I love a good hack! I mean, who doesn’t? I saw this woven wrap bench from CB2 and… you know what happened, that thought that plagues all us DIYers danced in my head, ‘hey, I can make that!’ It’s an illness. You’ve got it, I’ve got it. There is no cure. Except money, maybe money is the cure? Sorry CB2, I can’t afford a $400 bench, so.. I’m gonna hack it? Why yes, yes I am.
Now, the take-away for any good hack is to not replicate it exactly. Make it your own in some way. I mean, unless you can hack it so exact it’s like a replica. I know my limitations and there’s no way I could hack those legs, so I took the essence of the wrap bench and made my version. Let’s go!
First, go to the banister/decking section of your home improvement store and get the 2″x2″ pieces of redwood. I tried using the 2″x2″s in the regular wood section before in a different project and they just splintered on me. Do I know what I’m doing? Probably not. What kind of wood is in the regular wood section? Not sure! I am absolutely not a woodsmith, and I’m not going to pretend to be! I’m sure there are fancy tools that I should be using to prevent splitting wood, but alas I’m impatient and I just want to build things with my drill and miter saw. I bought 5 of the 2″x2″s in the decking section. I forget how long they are, 48″?
You will need to cut the following:
2 pieces of 45″ 2″x2″
4 pieces of 16″ 2″x2″
2 pieces of 14″ 2″x2″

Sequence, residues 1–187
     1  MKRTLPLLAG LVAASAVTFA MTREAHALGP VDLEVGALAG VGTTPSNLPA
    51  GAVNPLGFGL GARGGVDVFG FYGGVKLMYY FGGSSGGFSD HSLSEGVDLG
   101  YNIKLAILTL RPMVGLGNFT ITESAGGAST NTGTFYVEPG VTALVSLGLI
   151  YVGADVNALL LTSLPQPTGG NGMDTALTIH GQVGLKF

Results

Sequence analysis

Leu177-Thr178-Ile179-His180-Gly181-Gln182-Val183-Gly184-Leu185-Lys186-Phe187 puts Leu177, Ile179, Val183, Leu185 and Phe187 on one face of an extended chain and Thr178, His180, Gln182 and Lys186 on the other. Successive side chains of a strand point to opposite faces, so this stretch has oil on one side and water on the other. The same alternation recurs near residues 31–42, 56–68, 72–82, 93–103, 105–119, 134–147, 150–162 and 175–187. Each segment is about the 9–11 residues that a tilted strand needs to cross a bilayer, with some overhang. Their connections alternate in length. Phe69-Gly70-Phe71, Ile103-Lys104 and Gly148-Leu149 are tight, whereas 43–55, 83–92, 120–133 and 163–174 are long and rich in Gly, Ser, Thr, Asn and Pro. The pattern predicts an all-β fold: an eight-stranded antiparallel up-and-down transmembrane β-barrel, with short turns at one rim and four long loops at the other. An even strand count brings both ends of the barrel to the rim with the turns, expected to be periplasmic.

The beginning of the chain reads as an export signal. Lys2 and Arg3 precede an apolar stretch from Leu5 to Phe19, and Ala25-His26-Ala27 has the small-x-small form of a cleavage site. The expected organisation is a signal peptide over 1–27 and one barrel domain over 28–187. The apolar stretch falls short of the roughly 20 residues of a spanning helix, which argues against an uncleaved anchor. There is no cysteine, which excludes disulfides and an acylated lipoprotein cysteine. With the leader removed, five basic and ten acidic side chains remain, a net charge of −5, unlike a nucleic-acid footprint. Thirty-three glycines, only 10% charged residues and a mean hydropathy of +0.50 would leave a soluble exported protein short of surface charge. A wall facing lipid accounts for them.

Also, grab two bundles of 200ft clothesline. You might think one is enough, it’s not, so save yourself a trip back to the store and grab 2! I also grabbed one spool of neon coral cord, which is in the same section as the clothesline and chain and stuff.I wanted the legs to be a bit fancy, but I couldn’t figure out how to cut the angle on my miter saw for the life of me, so I measured 5″ up each 16″ leg, then 3/4″ in on the bottom, and cut along this line using my jig saw (see pic below). I followed this step with a light sanding. Next, and this is where I truly show my lack of woodsmithing skills, I clamped the 16″ legs and 14″ side pieces to my dining table (LOL right?) and drilled them together with wood screws. The correct way to do this would be to use a KregJig or some pocket-hole system, however I don’t have a KregJig, so I just screwed them together from the sides. I would also recommend filling these holes with stainable wood filler, which I obviously didn’t do because I forgot to buy some. I can only take so many trips back to the store for one project. So anyway, now that you know what not to do, here is what it looked like after I did those things! It actually came out quite sturdy. On to staining! Prior to staining raw wood, you always want to apply a wood conditioner. It prevents blochiness and helps the raw wood soak up the stain more evenly. Once the stain was completely dry, I went right on to weaving the clothesline over and under, back and forth, all the way along the bench. Just make sure you pull very tight! I tied the ends of the clothesline to one another by threading the clothesline that ended at right end of the bench back through to the starting side, if that makes sense. The knot fell somewhere in the middle of the bench. I LOVE IT! Really! Even though I fail at screwing wood together “properly”, I actually love how this bench turned out. Believe it or not, it does hold my weight! Although I didn’t make this for sitting, I’m showcasing this bench as our coffee table, since our living room has been sans coffee table since we moved in back in April! This bench would also look fab in front of a bed, under a window, or in an entryway! Love love love, all day long! What do you think? Oh, and please ignore the carpet. Just pretend its gorgeous hardwood laid in an impractical chevron pattern.